>
>
>
><offtopic>
>When I was working on _The Ruby Way_ and gathering quotations
>to intersperse in the material -- and I admit some of these
>are kind of hokey -- I was thumbing through the writings of
>Confucius. No, seriously. And I found a quote that I almost
>used, that reminded me of duck typing: "If an urn does not
>have the properties of an urn, can it truly be said to be
>an urn?" :) That may be wrong, it's from memory. Intriguing,
>though, isn't it? Predates Bishop Berkely, John Locke, 
>Immanuel Kant by 2000 years. Perhaps even predates Plato. 
>My history isn't that good.
></offtopic>
>

>>"If an urn does not
>>have the properties of an urn, can it truly be said to be
>>an urn?" 
>

A good reading about it  =>Metaphysics by Aristotle
in last days I was reading it and I was so amazed how it can be applied 
on programming (OOP)...

    * (1) *matter*, the substratum which makes possible the new production;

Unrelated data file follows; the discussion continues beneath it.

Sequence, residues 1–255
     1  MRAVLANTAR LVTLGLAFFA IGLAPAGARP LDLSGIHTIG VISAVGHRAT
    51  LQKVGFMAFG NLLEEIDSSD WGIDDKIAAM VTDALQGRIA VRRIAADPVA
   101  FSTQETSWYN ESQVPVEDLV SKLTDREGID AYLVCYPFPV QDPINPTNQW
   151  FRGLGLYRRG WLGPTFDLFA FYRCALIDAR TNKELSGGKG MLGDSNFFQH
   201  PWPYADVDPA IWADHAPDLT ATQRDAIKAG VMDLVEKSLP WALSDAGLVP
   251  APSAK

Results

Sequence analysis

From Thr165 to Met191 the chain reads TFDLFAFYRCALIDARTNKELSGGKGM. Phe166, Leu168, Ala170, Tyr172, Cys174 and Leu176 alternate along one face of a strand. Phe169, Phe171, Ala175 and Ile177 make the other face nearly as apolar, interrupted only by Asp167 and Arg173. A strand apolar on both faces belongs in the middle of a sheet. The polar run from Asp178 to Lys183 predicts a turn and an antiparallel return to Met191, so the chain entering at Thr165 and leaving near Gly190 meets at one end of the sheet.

* (2) *form*, any actual determination of that substratum;
    * (3) *potency*, with two significations -- as the immanent power of
      the seed to develop itself (active potency) and as a capacity of
      the seed to receive the successive forms of development (passive
      potency);
    * (4) *act*, any actual determination of the process of development
      (in this signification, act is the same as form).

*The Four Causes*: The process of generation (and the same can be said 
of the process of an artificial production) shows the presence of four 
causes:

    * an *efficient cause* (the generator or artist);
    * a *material cause* (the organic matter or the marble);
    * a *formal cause* (the form of species or the idea of the artist);
    * a *final cause* (the purpose which directs the entire series of
      motions until the new organism or statue is produced).


ronnie.